Click here to join POGO's Un-Do Influence campaign: a movement to end the undue influence that powerful corporate interests have on our federal government
By DANA LIEBELSON
When former lobbyist Jack Abramoff needed to get something done on the Hill, he had a tried-and-true strategy: offer a congressional staffer a job. Not right away, but six months or a year down the road—enough time to gain some advance access. And if a staffer said no? Well, that was rare. They all fell under Abramoff’s money-spell eventually.
“[Those who said no] were so incredibly complimented, from then on, anything I asked was absolutely granted,” Abramoff said at the Washington, DC headquarters of Public Citizen on February 6. “That was almost a bribe itself.”
If anyone can speak about bribery, it’s “Casino Jack,” the notorious felon and former Washington insider who was convicted and sentenced for giving illegal gifts to legislators and defrauding Native American tribes out of tens of millions of dollars.
His appearance at the public interest advocacy group, Public Citizen, was the latest stop on his so-called “redemption tour.” Since getting out of prison, Abramoff has been pushing out his book, Capitol Punishment: The Hard Truth about Washington Corruption from America’s Most Notorious Lobbyist, and—more controversially—is now shedding light on the revolving door culture in Washington.
“I believe that those who engage in public service, those who work on Capitol Hill, those who are elected to federal office and the administration, should not be able to move from those positions into the influence industry,” Abramoff said.
This is precisely what POGO has been preaching in its “Un-Do Influence” campaign—although, hearing the words come out of Abramoff’s mouth is a bit unnerving. The revolving door in Washington gives corporate interests and lobbying firms valuable insider access, and breeds corruption in our government by allowing current and former officials to use their positions for private gain.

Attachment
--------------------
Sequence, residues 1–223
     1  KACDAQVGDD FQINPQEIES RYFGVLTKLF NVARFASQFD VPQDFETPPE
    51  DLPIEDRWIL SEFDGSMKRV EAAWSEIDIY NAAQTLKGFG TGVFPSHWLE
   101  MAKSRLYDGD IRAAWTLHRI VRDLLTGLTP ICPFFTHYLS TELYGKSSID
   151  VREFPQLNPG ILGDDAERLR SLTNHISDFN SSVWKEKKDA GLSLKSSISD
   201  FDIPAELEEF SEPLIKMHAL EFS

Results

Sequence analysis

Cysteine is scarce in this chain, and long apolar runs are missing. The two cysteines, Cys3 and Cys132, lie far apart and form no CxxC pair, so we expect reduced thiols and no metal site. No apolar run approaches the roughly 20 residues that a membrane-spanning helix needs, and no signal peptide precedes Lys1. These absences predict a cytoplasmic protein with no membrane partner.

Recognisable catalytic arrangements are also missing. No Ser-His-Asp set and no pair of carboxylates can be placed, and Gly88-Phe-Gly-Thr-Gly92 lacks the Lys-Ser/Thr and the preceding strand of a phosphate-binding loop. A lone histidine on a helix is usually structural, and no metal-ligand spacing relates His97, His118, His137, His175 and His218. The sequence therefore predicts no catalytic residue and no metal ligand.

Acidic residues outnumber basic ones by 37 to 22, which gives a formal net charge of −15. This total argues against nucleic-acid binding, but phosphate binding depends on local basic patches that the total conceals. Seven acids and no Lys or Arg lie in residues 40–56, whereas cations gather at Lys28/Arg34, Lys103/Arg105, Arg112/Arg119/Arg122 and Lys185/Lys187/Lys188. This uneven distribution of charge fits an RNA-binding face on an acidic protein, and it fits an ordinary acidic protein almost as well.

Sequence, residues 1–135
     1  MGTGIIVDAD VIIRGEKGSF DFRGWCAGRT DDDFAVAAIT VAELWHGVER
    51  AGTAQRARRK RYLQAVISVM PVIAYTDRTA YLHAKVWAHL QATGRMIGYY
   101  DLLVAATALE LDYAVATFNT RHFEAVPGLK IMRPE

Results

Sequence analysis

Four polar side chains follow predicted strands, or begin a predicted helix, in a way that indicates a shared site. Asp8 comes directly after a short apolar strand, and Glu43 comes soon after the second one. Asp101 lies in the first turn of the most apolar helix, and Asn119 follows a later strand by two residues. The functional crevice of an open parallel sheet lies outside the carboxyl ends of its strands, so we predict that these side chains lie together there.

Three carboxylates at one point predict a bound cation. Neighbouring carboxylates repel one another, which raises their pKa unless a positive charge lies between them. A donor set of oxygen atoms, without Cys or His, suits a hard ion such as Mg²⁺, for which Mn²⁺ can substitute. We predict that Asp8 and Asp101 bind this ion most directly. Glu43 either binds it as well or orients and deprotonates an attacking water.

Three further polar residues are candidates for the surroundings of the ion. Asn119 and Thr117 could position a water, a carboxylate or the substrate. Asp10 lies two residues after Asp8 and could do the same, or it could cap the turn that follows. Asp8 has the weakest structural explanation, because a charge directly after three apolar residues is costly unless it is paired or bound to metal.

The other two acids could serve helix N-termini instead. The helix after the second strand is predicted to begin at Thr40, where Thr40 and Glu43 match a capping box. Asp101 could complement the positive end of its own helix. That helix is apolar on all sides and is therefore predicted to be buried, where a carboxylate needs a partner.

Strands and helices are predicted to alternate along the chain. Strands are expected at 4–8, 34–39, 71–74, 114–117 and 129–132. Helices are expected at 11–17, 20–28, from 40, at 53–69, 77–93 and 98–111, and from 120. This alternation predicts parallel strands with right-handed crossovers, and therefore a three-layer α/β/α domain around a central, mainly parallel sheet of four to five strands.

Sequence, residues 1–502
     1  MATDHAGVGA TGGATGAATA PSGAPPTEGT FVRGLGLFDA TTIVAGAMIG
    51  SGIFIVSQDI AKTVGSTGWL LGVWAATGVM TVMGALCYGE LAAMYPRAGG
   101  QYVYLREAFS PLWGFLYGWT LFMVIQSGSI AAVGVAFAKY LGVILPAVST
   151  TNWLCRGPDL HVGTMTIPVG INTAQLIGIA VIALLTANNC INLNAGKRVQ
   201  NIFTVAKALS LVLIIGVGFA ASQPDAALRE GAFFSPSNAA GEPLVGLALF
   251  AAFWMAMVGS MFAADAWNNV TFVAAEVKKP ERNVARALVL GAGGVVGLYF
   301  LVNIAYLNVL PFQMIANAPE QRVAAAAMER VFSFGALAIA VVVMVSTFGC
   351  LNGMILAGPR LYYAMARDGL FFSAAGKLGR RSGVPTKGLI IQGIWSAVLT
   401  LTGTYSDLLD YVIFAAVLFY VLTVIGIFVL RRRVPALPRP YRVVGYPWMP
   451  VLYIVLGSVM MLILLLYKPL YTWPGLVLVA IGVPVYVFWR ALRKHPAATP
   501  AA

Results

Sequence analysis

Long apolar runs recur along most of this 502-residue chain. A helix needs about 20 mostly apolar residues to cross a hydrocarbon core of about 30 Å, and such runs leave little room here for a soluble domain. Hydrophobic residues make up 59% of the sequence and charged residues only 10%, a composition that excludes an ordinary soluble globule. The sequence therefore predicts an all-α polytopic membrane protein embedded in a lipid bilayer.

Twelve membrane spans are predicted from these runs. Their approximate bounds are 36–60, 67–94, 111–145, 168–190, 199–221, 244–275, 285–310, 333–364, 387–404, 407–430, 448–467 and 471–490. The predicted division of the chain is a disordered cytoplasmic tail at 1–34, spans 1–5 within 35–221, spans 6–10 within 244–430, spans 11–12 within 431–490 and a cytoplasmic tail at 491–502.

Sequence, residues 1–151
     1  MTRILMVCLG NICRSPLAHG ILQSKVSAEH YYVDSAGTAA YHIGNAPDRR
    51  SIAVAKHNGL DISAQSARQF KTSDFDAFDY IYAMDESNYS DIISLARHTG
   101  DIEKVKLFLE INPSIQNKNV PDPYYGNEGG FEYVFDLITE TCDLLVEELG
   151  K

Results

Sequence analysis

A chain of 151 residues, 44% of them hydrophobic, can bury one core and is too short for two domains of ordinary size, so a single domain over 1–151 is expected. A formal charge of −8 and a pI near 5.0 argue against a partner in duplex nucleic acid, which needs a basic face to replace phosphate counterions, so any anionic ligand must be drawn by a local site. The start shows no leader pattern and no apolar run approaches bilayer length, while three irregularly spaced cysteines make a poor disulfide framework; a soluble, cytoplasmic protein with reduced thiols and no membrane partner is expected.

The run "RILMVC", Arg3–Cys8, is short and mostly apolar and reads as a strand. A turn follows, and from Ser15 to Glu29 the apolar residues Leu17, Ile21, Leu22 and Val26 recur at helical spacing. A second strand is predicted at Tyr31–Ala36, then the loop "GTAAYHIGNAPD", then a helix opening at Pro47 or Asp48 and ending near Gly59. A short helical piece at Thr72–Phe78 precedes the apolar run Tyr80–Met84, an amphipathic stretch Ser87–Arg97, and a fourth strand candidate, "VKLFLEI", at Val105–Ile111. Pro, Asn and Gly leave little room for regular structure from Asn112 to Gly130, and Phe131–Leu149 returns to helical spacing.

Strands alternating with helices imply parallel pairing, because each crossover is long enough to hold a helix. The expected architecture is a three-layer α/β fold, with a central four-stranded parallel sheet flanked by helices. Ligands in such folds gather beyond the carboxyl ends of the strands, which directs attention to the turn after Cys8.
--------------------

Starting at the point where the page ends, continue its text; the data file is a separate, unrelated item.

Hearing Abramoff tell it, his bribery scandal was not the disease, but a symptom of a wider lobbying culture that still exists. At Public Citizen—where he said he never imagined himself speaking unless he was perhaps “in cuffs”—Abramoff provided other solutions he said he would have been opposed to as a lobbyist, including banning gift-giving and contributing to congressional members and staffs; instating term limits for representatives; and applying every federal law enacted by Congress to Congress itself.
At the discussion, Abramoff painted himself as a man chastened by prison, deep in debt, and trying to become useful to society. He won’t name anyone else who was involved in wrongdoing, because he says he doesn’t want others to endure his hardship. Instead, he says he’s focused on reforming the system. It should be mentioned that Ellen Miller, executive director of the Sunlight Foundation, said that if Abramoff “really wants to create change, he should name names.”
Whether or not Abramoff is a changed man will be up for debate for a long time—but in the case of the revolving door and the cozy relationship between lobbyists, lawmakers, and their staff, it looks like this time, Abramoff is telling the truth.
“The revolving door is one of the greatest sources of corruption in the government” Abramoff wrote in his book. “It won’t be easy to clean up the swamp we call our nation’s capital, but if America is serious about change and reform, the effort must start now.”
Dana Liebelson is POGO’s Beth Daley Communications Fellow
Image by Dana Liebelson